Language refers to the understanding (comprehension) and use (verbal expression) of words and sentences to access and express ideas. Language is expressed verbally and in writing. Language development involves developing vocabulary, acquiring grammatical skills, ability to understand and use conceptual terms (words denoting position, time, quality, quantity), ability to choose words to precisely express ideas/thoughts as well as the ability to use language for a variety of social purposes (gaining attention, requesting, commenting, rejecting, making social greetings) in a variety of settings. As a child grows, the ability to process and produce more complex language (make inferences, understand jokes and double word meanings) increases.
A language disorder is suspected when a child demonstrates weaknesses in any of these areas as their skills are not in line with the expectations for their chronological age. Language disorders are seen in an individual difficulty understanding or using spoken or written language to communicate thoughts, feelings and experiences. A language disorder can negatively impact a child's ability to function effectively and to be successful in school, in social situations and in daily life.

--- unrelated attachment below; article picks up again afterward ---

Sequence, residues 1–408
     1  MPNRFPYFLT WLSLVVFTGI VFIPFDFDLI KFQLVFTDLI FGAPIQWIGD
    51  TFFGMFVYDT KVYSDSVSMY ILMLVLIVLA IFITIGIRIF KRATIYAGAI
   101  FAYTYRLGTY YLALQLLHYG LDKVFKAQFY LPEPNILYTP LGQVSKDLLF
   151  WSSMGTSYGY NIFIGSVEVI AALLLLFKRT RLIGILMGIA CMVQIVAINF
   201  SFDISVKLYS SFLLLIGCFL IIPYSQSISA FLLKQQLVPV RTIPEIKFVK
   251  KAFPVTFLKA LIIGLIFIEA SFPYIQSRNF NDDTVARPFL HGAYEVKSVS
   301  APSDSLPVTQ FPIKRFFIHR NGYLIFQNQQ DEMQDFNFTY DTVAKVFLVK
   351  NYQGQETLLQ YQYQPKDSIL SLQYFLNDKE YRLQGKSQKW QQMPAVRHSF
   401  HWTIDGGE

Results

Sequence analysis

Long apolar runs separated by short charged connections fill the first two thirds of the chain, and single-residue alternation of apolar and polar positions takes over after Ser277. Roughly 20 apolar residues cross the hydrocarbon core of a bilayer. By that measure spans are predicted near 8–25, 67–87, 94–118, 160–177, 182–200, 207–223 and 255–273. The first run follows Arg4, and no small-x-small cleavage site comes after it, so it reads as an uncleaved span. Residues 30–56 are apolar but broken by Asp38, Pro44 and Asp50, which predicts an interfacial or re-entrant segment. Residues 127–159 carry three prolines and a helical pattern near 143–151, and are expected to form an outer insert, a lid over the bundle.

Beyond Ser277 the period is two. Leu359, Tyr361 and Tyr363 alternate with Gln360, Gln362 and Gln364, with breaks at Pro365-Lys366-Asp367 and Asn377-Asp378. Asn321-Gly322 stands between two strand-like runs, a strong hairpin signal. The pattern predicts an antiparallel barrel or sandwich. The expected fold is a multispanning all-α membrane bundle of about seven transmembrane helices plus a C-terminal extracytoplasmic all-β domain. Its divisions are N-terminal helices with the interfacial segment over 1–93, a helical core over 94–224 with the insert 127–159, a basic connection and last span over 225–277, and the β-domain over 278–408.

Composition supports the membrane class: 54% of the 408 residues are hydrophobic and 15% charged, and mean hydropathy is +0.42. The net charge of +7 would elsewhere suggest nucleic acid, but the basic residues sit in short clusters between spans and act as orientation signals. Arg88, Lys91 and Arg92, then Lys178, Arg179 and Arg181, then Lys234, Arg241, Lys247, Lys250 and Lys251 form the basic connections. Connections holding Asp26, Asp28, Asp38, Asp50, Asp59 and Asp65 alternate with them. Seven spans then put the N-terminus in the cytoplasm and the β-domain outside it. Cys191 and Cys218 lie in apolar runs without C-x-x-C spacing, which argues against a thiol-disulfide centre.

Articulation refers to the way phonemes/sounds are formed. Vocal tract movements for speech sound production: involves accuracy in placement of the articulators, timing, direction of movements, force extended, speed of response, and neural integration of all events.
Children may say some sounds the wrong way as they learn to talk. They learn some sounds earlier, like p, m, or w. Other sounds take longer to learn, like z, v, or th. Most children can say almost all speech sounds correctly by 4 years old. A child who does not say sounds by the expected ages may have a speech sound or articulation disorder.